Blogs, Blogging, XML, ATOM, RSS explained in simple Words. Written for the regular people using the Internet and not for tech-savvy Geeks.
Note: I wrote this post originally in 2006 for another Blog, which is unfortunately offline today (and not coming back). I thought that the post has value to bring it back to life on my personal blog here. It also helps me to revive this blog of mine as well :).
Table of Content
- 1. Foreword
- 2. Blogs (also called Weblog or Web Log)
- 3. XML
- 4. ATOM
- 5. RSS
- 6. Readers, Syndication / Aggregation
- 7. Closing Words
- 8. Resources
Many folks are not Internet or Computer Newbies, they are using their Laptops and the Internet every day very extensively. Okay, most are not what we call a computer geek and do not know much about web development, databases and how Google works. You don’t have to anymore. Trying to explain something very technical to somebody who’s technical skills end with the ability to program their video recorder* (* =Tivo, but with tape cassettes) is quite a challenge. I tried this during two lunch meetings to explain it to a friend of mine. During the first meeting were my explanations filled to much with technical details and did not help him much to understand the thing any better than before.
During the second time did I more reference to things he already new, like Newspaper and Magazine Websites, Email and the News Page on our Website. I believe he almost got it. All this made me think and realize that there must be a huge number of people out there, that heart about Blogs and RSS but don’t know exactly what it is and what to do with it. Some might even are active Blog readers, but deal with it as they do with any other Website, just visit it every now and then or daily to check if there is something new. Some probably clicked out of curiosity on the XML or RSS icon on Sites and got this gibberish displayed called XML. Some might use RSS Feeds already without knowing it. My Yahoo! or now Google Personalized are good examples where RSS Feeds are used to add News Headlines to your customized Home Page.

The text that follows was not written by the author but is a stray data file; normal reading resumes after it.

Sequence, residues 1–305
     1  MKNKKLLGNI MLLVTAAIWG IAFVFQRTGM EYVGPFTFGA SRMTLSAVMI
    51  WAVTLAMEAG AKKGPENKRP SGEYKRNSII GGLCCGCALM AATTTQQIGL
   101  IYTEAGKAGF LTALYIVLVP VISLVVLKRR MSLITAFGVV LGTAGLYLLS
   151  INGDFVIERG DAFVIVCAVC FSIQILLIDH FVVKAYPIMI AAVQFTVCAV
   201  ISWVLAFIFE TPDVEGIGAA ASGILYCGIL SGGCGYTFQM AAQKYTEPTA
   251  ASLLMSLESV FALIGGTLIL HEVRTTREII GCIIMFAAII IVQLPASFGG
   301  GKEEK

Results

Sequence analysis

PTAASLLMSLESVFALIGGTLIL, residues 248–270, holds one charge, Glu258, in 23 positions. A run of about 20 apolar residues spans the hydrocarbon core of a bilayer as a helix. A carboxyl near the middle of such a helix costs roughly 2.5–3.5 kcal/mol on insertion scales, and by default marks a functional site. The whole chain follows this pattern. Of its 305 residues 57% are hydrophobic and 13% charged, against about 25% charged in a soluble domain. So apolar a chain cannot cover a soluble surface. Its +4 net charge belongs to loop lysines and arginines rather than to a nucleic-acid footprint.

This is now my third attempt to explain to a normal non-tech savvy Internet User what those things are and how you can make practical use of them.
2. Blogs (also called Weblog or Web Log)
Blogs are Web Sites that are most of the time specialized in a specific topic that contain “posts” which are related to the topic of the site, made by people (Bloggers) that operate the Site or got permission to post Articles. The posts are displayed on the Site in reversed chronological order and usually written in a more casual/personal style
Blogs are not a new Idea at all. BBS’s or Bulletin Board Systems worked the same way. Internet Forums and Webrings are also very similar in structure and purpose and can be considered predecessors of what we call Blogs today.
Also your diary (if you maintain one) works in essence like a Blog. The first Blogs were actually nothing else than online Diaries or Journals or “Logs”.
Justin Hall founded xanga.com in 1996 and is considered to be the first “Blog” Service on the Internet. It wasn’t called a Blog Service. It was a Site that allowed people to create and maintain personal Online Diaries and Journals via an easy to use interface.
The term “weblog” was coined by Jorn Barger on 17 December 1997. Peter Merholz is credited with the coining of the term “Blog” in 1999 by simply shortening the term “Web Log”. This short form of Web Log became accepted and used by the online community and became eventually an official noun.
Evan Williams and Meg Hourihan founded in 1999 the Service “Blogger.com” which is now owned by Google. Blogger.com became very popular and helped spreading the use of Blogs by people on the Internet.
An important reason why it became so popular is that it was strongly supported from the very beginning by the Open Source Community which made the use and creation of Blogs cheap or even free for anybody.
Dave Winer is the one of the pioneers of the tools that make blogs more than merely websites. They would not be different from the News Page on our Website or News Page created by any other type of Content Management Software (CMS).
One of his most significant contributions was setting up servers that Blogs could “ping” or in simple words: notify about an update to let the Service and later Blog Directories and Search Engines know that a change or addition was made to the Web Log. Basically an Invitation to come and pick up the new content.
Blogging combined the personal web page with tools to make linking to other pages easier – specifically blogrolls (Link List to other, related Blogs) and TrackBacks (mechanism to show which other Blogs link to an Article in your Blog). This enabled bloggers to control the threads that connected them to others with similar interests.